The emotional toll of covering violence

For journalists, covering violence was not only physically dangerous but “so emotional and sits in your soul,” said Sarah, a Canadian journalist who has worked in Africa and the Middle East.

Two of the 35 women interviewed said they had post-traumatic stress (PTS), while one said she might have it. Others described feelings of irritability and hyper-vigilance, as well as nightmares and insomnia—all symptoms consistent with PTS.

PTS rates among journalists vary from 4 to 29 percent, Canadian researchers Patrice Keats and Marla Buchanan have reported in the journal Traumatology, although Dr. River Smith and colleagues at the Veterans Administration Center in Oklahoma report that PTS rates for journalists can be as high as 60 percent.

And some research suggests that female journalists may be more likely than their male colleagues to experience reactions to violence. A 2018 University of Toronto study found that although male reporters are exposed to more violent events, female reporters have a greater incidence of PTS.

Adira, a Pakistani journalist, said she can’t get the bombings, gang wars, and terrorist attacks out of her mind. “As I witnessed many events from up close, my mind keeps playing those events. It leads to fatigue and depression. It is good to shrug off and move ahead into the next day, but unfortunately, most of us cannot do this, and we carry the burden of past events for a long time.”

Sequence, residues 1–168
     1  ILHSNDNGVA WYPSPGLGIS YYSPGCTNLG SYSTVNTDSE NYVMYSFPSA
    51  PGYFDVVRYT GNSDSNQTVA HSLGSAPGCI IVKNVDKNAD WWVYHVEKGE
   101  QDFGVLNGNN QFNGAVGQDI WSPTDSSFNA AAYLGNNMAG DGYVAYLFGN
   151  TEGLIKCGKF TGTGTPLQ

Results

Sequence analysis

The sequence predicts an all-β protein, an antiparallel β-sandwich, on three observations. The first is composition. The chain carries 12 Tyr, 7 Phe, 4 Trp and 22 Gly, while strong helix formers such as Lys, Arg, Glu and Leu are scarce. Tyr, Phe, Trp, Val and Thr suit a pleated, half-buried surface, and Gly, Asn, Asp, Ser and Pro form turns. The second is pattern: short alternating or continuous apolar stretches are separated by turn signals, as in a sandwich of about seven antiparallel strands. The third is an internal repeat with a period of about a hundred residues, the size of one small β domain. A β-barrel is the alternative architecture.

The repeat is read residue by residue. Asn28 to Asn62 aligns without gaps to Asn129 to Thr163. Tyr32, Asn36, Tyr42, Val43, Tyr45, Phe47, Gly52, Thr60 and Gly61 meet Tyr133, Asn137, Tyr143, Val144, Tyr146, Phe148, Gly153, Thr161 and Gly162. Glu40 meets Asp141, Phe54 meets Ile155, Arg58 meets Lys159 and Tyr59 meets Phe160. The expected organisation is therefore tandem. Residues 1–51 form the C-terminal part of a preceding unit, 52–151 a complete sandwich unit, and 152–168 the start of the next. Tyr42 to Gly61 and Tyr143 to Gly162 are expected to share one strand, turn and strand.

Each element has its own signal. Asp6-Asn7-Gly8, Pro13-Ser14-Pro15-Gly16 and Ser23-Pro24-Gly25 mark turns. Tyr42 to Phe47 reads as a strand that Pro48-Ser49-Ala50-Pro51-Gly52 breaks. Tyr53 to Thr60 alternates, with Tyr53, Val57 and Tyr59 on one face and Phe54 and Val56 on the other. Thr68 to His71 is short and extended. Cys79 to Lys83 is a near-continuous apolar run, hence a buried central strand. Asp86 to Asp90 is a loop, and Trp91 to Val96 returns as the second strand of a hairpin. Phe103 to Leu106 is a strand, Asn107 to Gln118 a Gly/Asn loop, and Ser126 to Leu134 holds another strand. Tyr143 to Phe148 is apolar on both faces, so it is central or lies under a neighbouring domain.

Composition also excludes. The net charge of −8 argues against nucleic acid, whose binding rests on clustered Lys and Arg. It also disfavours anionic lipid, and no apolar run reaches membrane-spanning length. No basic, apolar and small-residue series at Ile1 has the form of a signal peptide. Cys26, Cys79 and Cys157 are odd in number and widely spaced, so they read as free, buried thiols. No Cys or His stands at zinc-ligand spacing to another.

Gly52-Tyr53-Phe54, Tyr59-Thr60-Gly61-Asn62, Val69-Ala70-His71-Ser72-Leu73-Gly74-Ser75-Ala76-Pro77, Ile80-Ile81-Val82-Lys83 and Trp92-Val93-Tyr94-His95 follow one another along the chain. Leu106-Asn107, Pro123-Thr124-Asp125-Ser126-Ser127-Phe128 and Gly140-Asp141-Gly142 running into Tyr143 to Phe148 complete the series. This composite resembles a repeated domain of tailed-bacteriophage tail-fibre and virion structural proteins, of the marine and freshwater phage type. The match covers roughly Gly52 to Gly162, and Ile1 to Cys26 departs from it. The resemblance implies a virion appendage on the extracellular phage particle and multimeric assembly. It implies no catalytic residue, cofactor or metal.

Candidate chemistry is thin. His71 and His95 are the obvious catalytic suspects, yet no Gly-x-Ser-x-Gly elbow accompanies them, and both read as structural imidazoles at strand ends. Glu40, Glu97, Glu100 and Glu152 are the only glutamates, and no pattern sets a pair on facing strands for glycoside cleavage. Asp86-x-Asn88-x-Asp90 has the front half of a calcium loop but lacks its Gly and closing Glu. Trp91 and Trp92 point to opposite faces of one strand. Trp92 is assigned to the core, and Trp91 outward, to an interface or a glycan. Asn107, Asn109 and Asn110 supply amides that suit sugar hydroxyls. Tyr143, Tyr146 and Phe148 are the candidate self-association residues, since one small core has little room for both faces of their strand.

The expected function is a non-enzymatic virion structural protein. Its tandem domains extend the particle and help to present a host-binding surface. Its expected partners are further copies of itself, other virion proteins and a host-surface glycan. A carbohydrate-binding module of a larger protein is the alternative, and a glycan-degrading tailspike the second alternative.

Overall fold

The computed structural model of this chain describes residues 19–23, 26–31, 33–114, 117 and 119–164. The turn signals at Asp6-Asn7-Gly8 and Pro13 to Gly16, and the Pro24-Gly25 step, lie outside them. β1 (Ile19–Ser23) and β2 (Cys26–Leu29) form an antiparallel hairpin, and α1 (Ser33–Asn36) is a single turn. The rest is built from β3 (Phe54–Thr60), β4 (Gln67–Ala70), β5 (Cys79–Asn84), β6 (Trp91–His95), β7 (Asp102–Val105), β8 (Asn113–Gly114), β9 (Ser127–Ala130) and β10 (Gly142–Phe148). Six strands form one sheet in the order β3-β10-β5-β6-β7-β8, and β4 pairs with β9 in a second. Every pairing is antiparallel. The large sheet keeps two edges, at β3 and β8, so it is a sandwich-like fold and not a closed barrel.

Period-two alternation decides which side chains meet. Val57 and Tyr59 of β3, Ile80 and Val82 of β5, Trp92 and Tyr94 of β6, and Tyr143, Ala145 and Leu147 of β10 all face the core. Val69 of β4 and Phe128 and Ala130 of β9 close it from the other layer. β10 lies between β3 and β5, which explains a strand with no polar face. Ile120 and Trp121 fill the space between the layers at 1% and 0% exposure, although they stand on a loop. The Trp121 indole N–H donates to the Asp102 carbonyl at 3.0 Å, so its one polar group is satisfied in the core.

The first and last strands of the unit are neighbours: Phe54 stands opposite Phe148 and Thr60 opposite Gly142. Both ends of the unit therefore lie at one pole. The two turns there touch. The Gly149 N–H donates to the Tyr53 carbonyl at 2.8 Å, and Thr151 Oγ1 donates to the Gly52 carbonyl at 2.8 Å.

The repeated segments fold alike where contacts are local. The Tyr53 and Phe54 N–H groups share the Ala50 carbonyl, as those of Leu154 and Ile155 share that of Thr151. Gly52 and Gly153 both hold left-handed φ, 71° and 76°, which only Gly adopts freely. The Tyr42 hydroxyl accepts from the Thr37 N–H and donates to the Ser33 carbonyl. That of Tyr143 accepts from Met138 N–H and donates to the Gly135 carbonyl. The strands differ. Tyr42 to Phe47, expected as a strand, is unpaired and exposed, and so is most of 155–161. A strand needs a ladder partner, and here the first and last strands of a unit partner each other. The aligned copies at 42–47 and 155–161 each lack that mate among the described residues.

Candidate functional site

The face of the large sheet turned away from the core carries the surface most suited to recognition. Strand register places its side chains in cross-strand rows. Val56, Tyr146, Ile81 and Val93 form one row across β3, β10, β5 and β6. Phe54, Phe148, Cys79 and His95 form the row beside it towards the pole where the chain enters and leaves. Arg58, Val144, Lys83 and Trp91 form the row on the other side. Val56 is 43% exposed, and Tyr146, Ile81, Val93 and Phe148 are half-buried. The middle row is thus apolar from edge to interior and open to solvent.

Yet, journalists did not have to witness violence or conduct interviews to feel shock or despair. Olivia spent hours listening to 911 emergency calls from victims of the Pulse nightclub shooting in Orlando, Florida, in which 49 people died. “Listening to the last minutes of people’s lives—it was really upsetting.”

How can journalists do a better job reporting on violence and its effects? How can they tell stories more accurately, more authentically? The journalists I spoke to offered this advice.

  • Focus on people, not events. “I feel like the journalists here and across the world…are covering the bang-bang. Please cover the people who need you. The people who are in front of the gun need you,” said Esin.
  • Think globally but report locally. “Real journalism is time on the ground….If you go there, you might find a more nuanced picture,” said Claire.
  • Don’t judge. “Always go into a story…with an open mind. Don’t assume you know what happened,” said Stella, a U.S. journalist who has covered crime and sexual assault.
  • Your job is to report, but that doesn’t mean you can’t help. “Ultimately, if you do journalism right, you are helping other humans,” said Martina.
  • Get the story, but stay safe. Journalists said their work made them realize the fragility of life and the randomness of death. “Make yourself as safe as possible,” advised Natalie, a U.S. journalist.


To read the entire 12-part series on women journalists who have covered violence, please visit my website: